In the name of achieving increased IT agility, many organizations have implemented a cloud-first policy that requires as many application workloads as possible to be hosted in the cloud. The thinking is that it will be faster to deploy and provision IT resources in the cloud.
While that’s true for most classes of workloads, those applications that are latency-sensitive are staying home to run on premise.
Speaking at a recent Hybrid Cloud Summit in New York, Tom Koukourdelis, senior director for cloud architecture at Nasdaq, said there are still whole classes of high-performance applications that need to run in real time. Trying to access those applications across a wide area network (WAN) simply isn’t feasible. The fact of the matter, he added, is that there is no such thing as a one-size-fits-all cloud computing environment.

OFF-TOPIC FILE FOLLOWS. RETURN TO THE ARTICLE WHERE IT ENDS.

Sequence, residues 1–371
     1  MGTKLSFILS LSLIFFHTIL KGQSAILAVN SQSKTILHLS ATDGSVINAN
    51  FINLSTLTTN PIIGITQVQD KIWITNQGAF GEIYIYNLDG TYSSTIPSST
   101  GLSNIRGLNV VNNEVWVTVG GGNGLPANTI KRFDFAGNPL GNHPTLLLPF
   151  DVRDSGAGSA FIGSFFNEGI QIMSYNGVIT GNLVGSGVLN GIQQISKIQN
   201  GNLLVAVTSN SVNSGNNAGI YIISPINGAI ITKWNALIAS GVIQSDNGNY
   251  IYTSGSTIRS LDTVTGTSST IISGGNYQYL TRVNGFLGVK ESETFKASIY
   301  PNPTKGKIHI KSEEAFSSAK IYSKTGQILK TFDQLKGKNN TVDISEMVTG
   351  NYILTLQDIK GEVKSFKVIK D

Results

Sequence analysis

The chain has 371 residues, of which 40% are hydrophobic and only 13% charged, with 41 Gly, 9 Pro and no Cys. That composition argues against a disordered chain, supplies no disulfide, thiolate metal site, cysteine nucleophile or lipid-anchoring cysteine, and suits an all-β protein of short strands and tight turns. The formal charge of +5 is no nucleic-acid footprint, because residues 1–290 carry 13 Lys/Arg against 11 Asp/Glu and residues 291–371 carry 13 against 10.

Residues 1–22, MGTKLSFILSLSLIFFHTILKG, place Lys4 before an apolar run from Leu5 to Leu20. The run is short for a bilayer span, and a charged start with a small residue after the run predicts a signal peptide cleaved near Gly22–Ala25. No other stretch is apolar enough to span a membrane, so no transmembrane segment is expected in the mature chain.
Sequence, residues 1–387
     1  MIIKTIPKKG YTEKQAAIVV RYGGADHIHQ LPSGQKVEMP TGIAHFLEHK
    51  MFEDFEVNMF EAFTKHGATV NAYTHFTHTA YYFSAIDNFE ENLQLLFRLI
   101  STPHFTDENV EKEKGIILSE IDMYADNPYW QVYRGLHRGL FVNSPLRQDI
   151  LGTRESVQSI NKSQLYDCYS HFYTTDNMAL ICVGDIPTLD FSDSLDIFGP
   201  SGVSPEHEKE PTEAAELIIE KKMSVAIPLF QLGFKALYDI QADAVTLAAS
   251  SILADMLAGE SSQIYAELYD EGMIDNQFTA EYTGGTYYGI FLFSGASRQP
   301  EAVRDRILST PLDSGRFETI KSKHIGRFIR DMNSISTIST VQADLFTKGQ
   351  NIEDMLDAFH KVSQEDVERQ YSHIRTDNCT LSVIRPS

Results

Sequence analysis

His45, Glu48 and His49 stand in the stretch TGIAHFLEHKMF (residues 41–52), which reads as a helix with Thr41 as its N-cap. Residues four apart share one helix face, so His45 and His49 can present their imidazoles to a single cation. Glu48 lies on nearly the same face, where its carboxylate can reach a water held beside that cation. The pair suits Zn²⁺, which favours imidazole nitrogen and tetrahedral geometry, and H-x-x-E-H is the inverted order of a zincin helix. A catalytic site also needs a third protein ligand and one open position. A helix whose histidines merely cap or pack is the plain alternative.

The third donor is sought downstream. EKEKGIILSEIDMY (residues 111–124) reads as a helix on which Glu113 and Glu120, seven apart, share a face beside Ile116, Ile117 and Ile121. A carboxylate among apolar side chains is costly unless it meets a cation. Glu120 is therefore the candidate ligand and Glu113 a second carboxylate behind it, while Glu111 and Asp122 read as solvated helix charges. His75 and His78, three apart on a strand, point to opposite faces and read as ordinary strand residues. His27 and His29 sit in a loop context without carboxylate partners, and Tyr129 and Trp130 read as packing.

NASDAQ makes use of multiple cloud platforms managed by Verizon and Amazon Web Services (AWS). Koukourdelis said that the biggest challenge the company’s IT department faces is coming to the realization that everything is now code. As such, IT infrastructure is a programmable asset just like any other piece of software. He advised IT organizations to, almost quite literally, think outside the box more often.
That new approach, Koukourdelis pointed out, also applies to the applications. He urged IT organizations to continually challenge themselves to tear things down in ways that will make them more efficient.
As advances in software-defined infrastructure continue to become more widely available, internal IT organizations are getting better at managing private clouds running on premise. That doesn’t mean the learning curve isn’t steep. But it does mean that internal IT groups are learning how to program IT infrastructure.
In the meantime, for those IT organizations looking to maintain control of mission-critical application on premise, they can take comfort from the laws of physics, which will always be on their side.